While the Armenian genocide is oftentimes associated with the events of 1915 and its aftermath, the pre-years of genocide and shifting local practices have been less discussed. Although scholars explored 1894-1896 Hamidian Massacres and the Adana Massacre of 1909 to exemplify the empire-wide hostile policies toward Armenians, we little know about how macro-policies were differently interpreted at the local level and what kind of (agentive) responses it produced. In this panel, we bring two groundbreaking scholars together to understand the interplay between persistent violence and the wide variety of responses the same violence brought. Revisiting the provincial histories of the Ottoman state through local and regional perspectives, David Gutman will highlight the Armenian migration to North America and Umit Kurt will discuss processes of dispossession and economics of genocide.
The Economics of Genocide in Ottoman Aintab: The Active Participation of Local Elites in Plunder
Ümit Kurt received his PhD from Clark University, History Department in 2016. He is the author, with Taner Akçam, of The Spirit of the Laws: The Plunder of Wealth in the Armenian Genocide (New York and Oxford: Berghahn Books, 2015). He was a postdoctoral fellow in the Center for Middle Eastern Studies at Harvard University in 2016-2017 and Visiting Assistant Professor in the Armenian Studies Program at California State University, Fresno in 2017-2018. He is currently a Polonsky Fellow at the Van Leer Jerusalem Institute and teaching in the Dept. of Islamic and Middle Eastern Studies at Hebrew University of Jerusalem. His recent book, The Armenians of Aintab: The Economics of Genocide in an Ottoman Province, has been published in 2021 by Harvard University Press.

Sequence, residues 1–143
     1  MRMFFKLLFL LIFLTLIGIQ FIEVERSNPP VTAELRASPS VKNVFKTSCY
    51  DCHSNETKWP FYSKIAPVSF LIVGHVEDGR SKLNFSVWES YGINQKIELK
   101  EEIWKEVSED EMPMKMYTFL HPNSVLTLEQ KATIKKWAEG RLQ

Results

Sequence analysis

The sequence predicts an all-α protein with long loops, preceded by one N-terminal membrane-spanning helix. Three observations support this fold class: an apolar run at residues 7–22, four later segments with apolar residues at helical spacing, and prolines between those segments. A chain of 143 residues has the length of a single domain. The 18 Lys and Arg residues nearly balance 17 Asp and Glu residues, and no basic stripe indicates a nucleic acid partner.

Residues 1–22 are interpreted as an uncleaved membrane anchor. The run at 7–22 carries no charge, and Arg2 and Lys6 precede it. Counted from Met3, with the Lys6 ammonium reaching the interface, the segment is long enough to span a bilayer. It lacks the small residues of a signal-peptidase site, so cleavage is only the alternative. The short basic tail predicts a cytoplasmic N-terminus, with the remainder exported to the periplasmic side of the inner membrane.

The Politics of Migration and the Socio-Political Climate of Armenian Life in the Pre-Genocide Ottoman East
David Gutman is Associate Professor of History at Manhattanville College in Purchase, NY. His book, The Politics of Armenian Migration to North America: Sojourners, Smugglers, and Dubious Citizens (Edinburgh, 2019), examines the overseas migration of Ottoman Armenians in the late nineteenth and early twentieth centuries, and the Ottoman state’s response to this migration. The book addresses a wide range of themes including clandestine mobility, migrant smuggling, border control, and contested citizenship. He has also published on topics ranging from mobility control and intelligence gathering to the historiography of the Armenian genocide. He is currently in the early stages of a comparative study of urban violence against non-dominant populations in the early twentieth century. He also serves as managing editor of the Journal of the Ottoman and Turkish Studies Association.
Moderated by Lou Ann Matossian (Armenian-American Historian)
Organized by Berkant Caglar (PhD student, Anthropology)
Presented by the Center for Holocaust & Genocide Studies and the Arsham and Charlotte Ohanessian Chair
Paid for in part with funds from the Wexler Fund for Holocaust & Genocide Education.